Following a road from the air 1,000 feet above ground level is something we used to do on a daily basis, especially before the advent and routine use of GPS. So when the archaeologist onboard said fly to the Twin Angel Great House and follow the Great North Road south, I thought "piece of cake". The Great North Road leads south down to Chaco Canyon and was the main "thoroughfare", not just for trading and a means to get to other Great Houses like Pierre's Complex (discovered in the 1970s) along the way, but was also thought to be an ancient Pueblo religious pathway leading to their place of origin and along which the spirits of the dead travel.
Solar energy is becoming a promising industry as our country shifts its reliance from dirty fuels to cleaner, renewable sources of energy. The Mojave Desert is an unbroken and intact landscape that provides diverse habitat for endangered wildlife species, outstanding recreational opportunities, and an abundance of natural resources including solar and wind. With growing demand for renewable energy, there is a corresponding demand and pressure to develop energy zones on sensitive landscapes.
Captain's Log 1XE, Day 15 in the month of September in the Earth Calendar Year of 2014, as the earthly mountains winter is quickly approaching, brrrrr.

How often have we heard the expression "can't see the forest for the trees"? I grew up on the East coast, and now when I return in a single engine airplane I can for the first time understand the landscape and the topography.

About 90% of the public land in the San Juan Basin south of Farmington, New Mexico already has been leased for oil and gas drilling, and companies plan to continue expansion of development closer and closer to Chaco Culture National Historical Park. EcoFlight provided an aerial tour of Chaco and the surrounding landscape to local journalists and the Partnership for Responsible Business, a nonprofit arm of the Green Chamber, a Santa Fe-based group of business leaders.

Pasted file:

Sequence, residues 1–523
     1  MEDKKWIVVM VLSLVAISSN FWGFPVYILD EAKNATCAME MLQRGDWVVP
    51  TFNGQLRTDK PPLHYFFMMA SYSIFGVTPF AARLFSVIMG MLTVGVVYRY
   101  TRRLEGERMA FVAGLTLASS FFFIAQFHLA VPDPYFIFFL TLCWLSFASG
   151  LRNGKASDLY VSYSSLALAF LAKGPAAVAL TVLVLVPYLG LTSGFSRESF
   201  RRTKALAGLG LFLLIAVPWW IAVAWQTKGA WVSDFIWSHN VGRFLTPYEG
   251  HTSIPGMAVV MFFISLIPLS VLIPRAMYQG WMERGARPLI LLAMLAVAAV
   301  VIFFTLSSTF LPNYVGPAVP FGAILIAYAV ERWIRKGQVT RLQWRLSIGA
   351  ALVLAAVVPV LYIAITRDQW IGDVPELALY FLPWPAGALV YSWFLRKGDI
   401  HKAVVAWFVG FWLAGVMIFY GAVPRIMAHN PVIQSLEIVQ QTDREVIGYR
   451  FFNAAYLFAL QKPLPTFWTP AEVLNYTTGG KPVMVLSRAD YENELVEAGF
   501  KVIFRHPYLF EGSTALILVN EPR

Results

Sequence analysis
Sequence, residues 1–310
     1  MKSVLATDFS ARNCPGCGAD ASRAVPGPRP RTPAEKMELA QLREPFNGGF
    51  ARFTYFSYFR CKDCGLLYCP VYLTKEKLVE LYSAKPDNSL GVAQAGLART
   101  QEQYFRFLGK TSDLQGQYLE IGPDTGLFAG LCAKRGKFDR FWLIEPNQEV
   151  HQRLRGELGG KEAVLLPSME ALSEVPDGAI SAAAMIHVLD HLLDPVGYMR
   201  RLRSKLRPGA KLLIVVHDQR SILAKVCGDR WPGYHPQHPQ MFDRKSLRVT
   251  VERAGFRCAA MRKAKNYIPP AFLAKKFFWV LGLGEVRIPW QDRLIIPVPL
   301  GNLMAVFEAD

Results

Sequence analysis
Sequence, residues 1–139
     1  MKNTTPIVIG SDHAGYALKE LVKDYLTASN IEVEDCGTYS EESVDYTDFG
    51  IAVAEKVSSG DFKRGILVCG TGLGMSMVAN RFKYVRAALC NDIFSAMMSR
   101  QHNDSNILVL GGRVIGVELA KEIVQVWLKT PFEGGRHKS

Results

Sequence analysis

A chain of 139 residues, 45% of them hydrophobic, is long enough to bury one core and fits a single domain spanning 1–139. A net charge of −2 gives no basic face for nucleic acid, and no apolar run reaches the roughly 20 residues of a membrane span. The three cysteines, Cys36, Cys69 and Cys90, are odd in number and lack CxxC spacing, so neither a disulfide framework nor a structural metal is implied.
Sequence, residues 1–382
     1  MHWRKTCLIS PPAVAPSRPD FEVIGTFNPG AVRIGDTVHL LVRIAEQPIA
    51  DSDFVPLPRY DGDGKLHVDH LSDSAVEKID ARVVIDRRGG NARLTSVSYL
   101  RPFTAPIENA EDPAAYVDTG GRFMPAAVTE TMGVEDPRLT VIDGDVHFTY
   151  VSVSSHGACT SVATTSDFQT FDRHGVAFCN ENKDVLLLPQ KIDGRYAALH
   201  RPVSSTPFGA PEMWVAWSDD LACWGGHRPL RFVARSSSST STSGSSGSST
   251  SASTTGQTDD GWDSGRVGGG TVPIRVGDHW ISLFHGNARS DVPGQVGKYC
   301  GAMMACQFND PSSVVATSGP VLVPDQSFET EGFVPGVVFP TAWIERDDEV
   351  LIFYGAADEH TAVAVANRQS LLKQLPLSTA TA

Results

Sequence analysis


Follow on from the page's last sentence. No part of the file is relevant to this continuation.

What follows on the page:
What a world! An environmentalist's nightmare, or a testament to man's ingenuity. That is what I felt as I toured the Thompson Creek Mine in Idaho, an open pit molybdenum mine just to the south of the Frank Church Wilderness. If you have ever been to Idaho and seen the remarkable mountain ranges of the Boulders, the White Clouds and the Sawtooths, or flown over these wildest of lands, you will understand the definition of wildness...

As privately owned native prairies are converting to agriculture, natural landscapes and wildlife habitat are diminishing, which places more pressure on public lands to support viable wildlife populations and the recreation economies that depend on them. The Theodore Roosevelt Conservation Partnership is proposing a conservation strategy for managing the largest, most intact and wildlife-rich areas of public lands in the BLM's Lewistown Field Office, Montana.